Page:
My otherwise excellent 500GB MacBook Pro r serves as my desktop computer, but I wish it had a larger SSD. To compensate, I’ve perfected the art of juggling media around via a collection of external SSD devices of various shapes, sizes, and purposes; the VisionTek USB 3.0 120GB solid state drive (SSD) is the latest tool in my arsenal.
Measuring approximately 3.5″ long x 1″ wide x 3/8″ thick, the VisionTek looks similarly sized to any other thumb drive, but it has a rugged aircraft-grade aluminum housing which contains a “fully functional Solid State Drive featuring a high-performance LSI SandForce® controller that delivers up to 455MB/s reads and up to 440MB/s writes”.
You can use the VisionTek 120GB Solid State Drive to:
• Create a custom user environment with approved videos, games, etc. for young children
• Perform high-speed backups
• Download and save uncompressed HD content
• As a backup drive for photographers/videographers. (Shoot on SD card, transfer to computer for editing, and then save on the VisionTek USB Pocket SSD for accessibility anywhere)
• As a bootable drive to run the Windows desktop and apps on other PCs and Macs.
It’s small enough to fit in your pocket, and it can be attached to your keychain.
I did notice a striking similarity in design to the Mushkin Enhanced Ventura 120GB USB 3.0 Solid State Drive, which is available on Amazon. I asked my VisionTek contact, Grant Dahlke, about that, and he said, “We are using the same housing from the same supplier as Mushkin…but we did solve the overheat/downspeed issue that affected theirs. That is one reason why we included the note with unit about not opening it up. Our solution to prevent speed loss has a high probability of damaging the drive if you open it.”
The VisionTek ships NTFS formatted, and there are no extra files installed; of the 120.03 GB on the drive, 119.92GB are available.
Formatted at MS-DOS (FAT32), there are 120GB available.
And when formatted to Mac OS Extended, there are 119.83GB available.
The first test I’ll generally do on such a large drive is to move my entire iTunes folder over, seeing how long it takes.
My iTunes files is currently 79.39 GB; transferring it from my Mac to the VisionTek drive it took one hour, 4 minutes and 36 seconds, and the thumb drive became quite warm.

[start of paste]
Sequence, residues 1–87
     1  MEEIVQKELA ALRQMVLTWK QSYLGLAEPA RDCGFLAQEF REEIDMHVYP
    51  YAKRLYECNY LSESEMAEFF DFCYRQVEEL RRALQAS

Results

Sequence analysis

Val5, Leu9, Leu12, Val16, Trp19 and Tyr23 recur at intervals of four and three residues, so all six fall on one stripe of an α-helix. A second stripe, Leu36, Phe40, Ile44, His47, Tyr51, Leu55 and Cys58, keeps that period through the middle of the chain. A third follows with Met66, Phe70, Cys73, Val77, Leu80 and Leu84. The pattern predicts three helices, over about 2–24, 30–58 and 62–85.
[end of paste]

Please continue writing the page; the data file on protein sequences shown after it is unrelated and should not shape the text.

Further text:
Grant had this to say:
In such a small form factor, you will generate heat…ESP if writing large files. Even that 11GB file you were writing is nearly double the average OS install size of 5-6GB. So that would be an extreme use scenario.
Typical consumer use file size is in the MB size range…3.5MB for MP3’s, and 400-500MB for an average TV show for example.
Sure, a HD movie will go around 4GB …so there will be a delay in writing it to this drive once the drive heats up. BUT, once the movie is on the drive, READS will be as fast as any internal SSD and far faster than a HDD.
I can confirm that playback on Quicktime from the VisionTek is flawless — no sputtering or stalls — and no need to actually move the media to my laptop, which is perfect.
The VisionTek ships in either a 120GB ($109.99) or 240GB ($174.99) model. If you are planning to use your drive as a complete computer ecosystem or to hold backups of all of your media, then you should consider springing for the larger model.
I wondered how the VisionTek USB 3.0 120GB Solid State Drive performed when compared to another USB 3.0 thumb drive that I own. I have to admit that some of the transfer speeds I got upon initial testing seemed a little slower than I’d expected, so I wanted to see if they were about the norm.
I have a 64GB Kingston Digital HyperX 3.0 DataTraveler, so that became the VisionTek’s competition. Unlike the VisionTek’s expected 455MB/s reads and up to 440MB/s writes, the Kingston is only rated for up to 225MB/s reads and 135MB/s writes (both using USB 3.0).
According to Grant,
The other aspect to take into consideration is operating environment and when you write to drive. I know you’re using the drive with a MacBook Pro…so the drive is on the side of machine. That’s good…as having it behind a machine (like a PC tower) could create a warmer environment and cause the throttling to kick in prematurely. Also, if one is going to write a large file to the drive, they should do so after a period of inactivity so the drive can cool down. And obviously take some pauses if writing multiple large files.